The Michigan housing industry is slowly recovering from the economic decline that started earlier this year.
According to the latest numbers from the Home Builders Association of Michigan, a total of 1,587 permits for new single-family housing were issued in June statewide compared to 1,547 in June 2019.
In total, 6,046 single-family home permits were issued across Michigan from January through June, which is still less than 7,134 permits issued during the same time in 2019.
“We are cautiously optimistic regarding an increase in June permit numbers compared to last year,” said Bob Filka, CEO of HBAM. “It is encouraging that despite an economic downturn, labor shortages and regulatory challenges, home construction permits continue to rise. The fact that increasing permits exceed our forecast is a further reason for optimism.”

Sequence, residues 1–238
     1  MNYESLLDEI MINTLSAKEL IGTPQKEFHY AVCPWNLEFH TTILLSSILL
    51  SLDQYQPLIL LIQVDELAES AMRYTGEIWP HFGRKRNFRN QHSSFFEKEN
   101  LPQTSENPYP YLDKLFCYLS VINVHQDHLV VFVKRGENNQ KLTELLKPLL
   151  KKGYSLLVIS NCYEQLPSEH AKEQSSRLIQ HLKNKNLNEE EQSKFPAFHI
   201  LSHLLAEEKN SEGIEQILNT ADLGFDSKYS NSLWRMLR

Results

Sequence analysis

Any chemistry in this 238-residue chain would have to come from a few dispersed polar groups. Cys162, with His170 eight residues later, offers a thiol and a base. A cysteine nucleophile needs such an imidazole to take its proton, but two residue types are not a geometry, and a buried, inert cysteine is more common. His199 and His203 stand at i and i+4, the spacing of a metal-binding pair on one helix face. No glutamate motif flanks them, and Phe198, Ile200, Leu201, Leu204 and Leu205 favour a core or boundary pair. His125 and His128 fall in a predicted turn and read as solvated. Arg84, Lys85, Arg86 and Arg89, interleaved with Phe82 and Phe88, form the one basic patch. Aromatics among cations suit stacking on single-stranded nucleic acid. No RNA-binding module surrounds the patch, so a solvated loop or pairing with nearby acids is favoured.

HBAM has long used an econometric model to provide forecasts of new home permit activity expected across the state. With the advent of COVID-19, that model had to undergo adjustment. Based on outlooks by national economists, a “V-shaped” factor was incorporated into the forecasting model, which presumed a four-month impact period, beginning in March, before returning to a seasonal trend in July.
“Despite the statewide shutdown which had a big impact on our industry, the drop in permits for March through May was not as deep as we expected,” Filka said.
With five months of the year remaining, the HBA is now forecasting that a total of 13,556 permits will be issued for calendar year 2020. Moving forward, HBAM’s forecast indicates a return to normal trends by July with the expected seasonal slowdown in late fall.